It is the purpose of textual criticism (formerly known as ‘Lower Criticism’) to try to recover as far as possible the authentic words of the books of the Bible as they were originally penned. It is an enormous task. Nothing at all remains of any of the authors' own writing. What we do have is a vast number of texts copied by scribes, versions translated into ancient languages, and a host of quotations in the Fathers which act as checks on the various MSS. It was so easy for mistakes to creep in: a word or two could be omitted by mistake, or repeated; if scribes were writing from dictation words of similar sound could be misheard. Sometimes a scribe could produce an alteration for doctrinal reasons.
1. The OT
The basic text of the Hebrew OT is that provided by the Masoretes around 500–1000ce, on which very few variants exist. Before this time, the Hebrew script consisted only of consonants. The Masoretes then introduced pointing (vowel signs) and they were scrupulous about accuracy. Their work can be tested by the Hebrew of some of the Dead Sea scrolls, MSS older by 1,000 years than any other extant Hebrew MS. The Hebrew of the OT can be checked by translations, especially those in Greek, notably the LXX of the 3rd cent. bce, translated for the use of Jews in Egypt. Other Greek translations were made, and in 245 ce Origen arranged the OT (in a work called the Hexapla) in six parallel columns: Hebrew, a Greek transliteration, three Greek translations, and Origen's own translation. The Greek translation included the deuterocanonical books of the Apocrypha which were not in the Hebrew OT, and it was the LXX version of the OT that was used by the first Christians. A Latin translation from the Hebrew was made by Jerome; it is called the Vulgate. The Hebrew OT was translated into Syriac early in the 1st cent. ce; it was adopted by the Christian Syriac Church, and known as the Peshitta (which also contains most of the NT).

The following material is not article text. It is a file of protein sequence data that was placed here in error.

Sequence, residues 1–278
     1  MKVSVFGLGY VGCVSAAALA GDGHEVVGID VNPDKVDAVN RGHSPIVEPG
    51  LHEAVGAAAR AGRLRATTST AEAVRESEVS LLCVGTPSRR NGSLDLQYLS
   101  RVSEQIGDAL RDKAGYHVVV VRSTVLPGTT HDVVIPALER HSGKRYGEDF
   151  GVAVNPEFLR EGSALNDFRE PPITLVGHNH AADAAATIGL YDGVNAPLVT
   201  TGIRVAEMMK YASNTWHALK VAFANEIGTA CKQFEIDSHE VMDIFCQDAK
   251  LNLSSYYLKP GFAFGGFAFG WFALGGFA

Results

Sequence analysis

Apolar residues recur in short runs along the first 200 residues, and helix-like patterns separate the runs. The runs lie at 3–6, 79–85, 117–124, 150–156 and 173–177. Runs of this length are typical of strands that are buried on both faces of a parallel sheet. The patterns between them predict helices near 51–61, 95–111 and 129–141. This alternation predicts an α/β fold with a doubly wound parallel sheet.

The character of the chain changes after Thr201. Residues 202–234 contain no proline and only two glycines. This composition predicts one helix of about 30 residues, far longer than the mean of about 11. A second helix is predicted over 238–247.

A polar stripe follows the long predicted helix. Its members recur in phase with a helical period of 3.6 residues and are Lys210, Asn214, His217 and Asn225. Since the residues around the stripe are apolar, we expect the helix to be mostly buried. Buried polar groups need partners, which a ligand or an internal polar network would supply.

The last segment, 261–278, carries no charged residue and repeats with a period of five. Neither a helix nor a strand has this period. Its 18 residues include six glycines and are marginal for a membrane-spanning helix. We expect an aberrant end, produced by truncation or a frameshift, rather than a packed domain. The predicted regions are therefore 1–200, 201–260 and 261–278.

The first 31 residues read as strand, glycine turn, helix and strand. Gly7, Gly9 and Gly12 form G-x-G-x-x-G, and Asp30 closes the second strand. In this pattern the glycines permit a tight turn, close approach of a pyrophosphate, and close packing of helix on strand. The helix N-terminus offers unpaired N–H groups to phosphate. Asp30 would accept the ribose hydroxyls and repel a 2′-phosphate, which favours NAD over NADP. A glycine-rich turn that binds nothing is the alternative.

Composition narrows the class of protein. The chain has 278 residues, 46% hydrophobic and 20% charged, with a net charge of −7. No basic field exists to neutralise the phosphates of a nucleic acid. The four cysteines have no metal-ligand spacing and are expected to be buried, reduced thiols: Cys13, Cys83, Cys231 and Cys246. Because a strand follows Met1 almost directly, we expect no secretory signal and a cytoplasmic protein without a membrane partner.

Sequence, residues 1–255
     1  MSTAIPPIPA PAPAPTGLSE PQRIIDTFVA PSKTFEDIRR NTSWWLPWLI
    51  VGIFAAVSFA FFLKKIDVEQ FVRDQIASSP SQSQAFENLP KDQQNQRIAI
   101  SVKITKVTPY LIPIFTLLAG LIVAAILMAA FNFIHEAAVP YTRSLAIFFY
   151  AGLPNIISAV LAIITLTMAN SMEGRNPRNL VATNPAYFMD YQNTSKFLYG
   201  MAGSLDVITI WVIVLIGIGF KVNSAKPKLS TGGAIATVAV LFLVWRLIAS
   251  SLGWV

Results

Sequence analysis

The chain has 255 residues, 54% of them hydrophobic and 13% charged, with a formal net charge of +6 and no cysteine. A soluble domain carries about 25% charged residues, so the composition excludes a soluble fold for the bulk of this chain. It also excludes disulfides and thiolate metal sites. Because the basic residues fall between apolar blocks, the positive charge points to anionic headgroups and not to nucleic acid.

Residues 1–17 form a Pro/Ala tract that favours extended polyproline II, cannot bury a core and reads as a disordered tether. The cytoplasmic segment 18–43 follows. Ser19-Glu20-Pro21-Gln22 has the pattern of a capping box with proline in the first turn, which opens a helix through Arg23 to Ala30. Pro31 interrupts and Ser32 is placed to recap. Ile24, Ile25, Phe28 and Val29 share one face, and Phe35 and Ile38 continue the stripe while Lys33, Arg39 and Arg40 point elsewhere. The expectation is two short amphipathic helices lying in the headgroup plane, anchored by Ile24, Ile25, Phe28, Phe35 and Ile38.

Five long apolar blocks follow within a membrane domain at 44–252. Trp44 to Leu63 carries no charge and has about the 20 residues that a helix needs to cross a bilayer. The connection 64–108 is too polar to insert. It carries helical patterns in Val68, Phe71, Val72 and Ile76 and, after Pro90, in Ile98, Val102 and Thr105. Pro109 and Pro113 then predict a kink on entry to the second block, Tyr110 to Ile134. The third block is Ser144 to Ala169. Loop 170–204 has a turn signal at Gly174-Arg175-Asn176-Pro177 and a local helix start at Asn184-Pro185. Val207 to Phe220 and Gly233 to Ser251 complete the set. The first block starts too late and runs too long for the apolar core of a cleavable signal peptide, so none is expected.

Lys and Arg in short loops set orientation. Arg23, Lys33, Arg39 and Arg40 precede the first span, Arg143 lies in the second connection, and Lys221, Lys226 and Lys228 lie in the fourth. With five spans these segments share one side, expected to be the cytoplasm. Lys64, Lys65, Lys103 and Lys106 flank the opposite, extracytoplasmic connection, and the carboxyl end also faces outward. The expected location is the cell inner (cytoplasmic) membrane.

2. The NT
Thousands of Greek MSS exist, of which the oldest almost complete MSS go back to the 4th and 5th cents. ce. Some 2nd- and 3rd-cent. fragments are on papyrus; other MSS are on parchment; all were bound in the form of books (Latin codices). They have a continuous text which may be in uncials (capitals) or minuscules (lower-case letters); some are organized as lectionaries, with portions for the daily services. The words do not have breathings or accents, and there are no spaces between words, no punctuation marks, no divisions into chapters and verses. The most important uncials are Codex Sinaiticus of the 4th cent., Codex Vaticanus, and Codex Alexandrinus. The Codex Bezae contains both Greek and Latin texts of the gospels and Acts. The earliest fragment of a papyrus MS is of John 18: 31–4, 37–8, discovered in Egypt and published by C. H. Roberts in 1935, dated about 130 ce, and now in Manchester.
Subjects: Biblical Studies.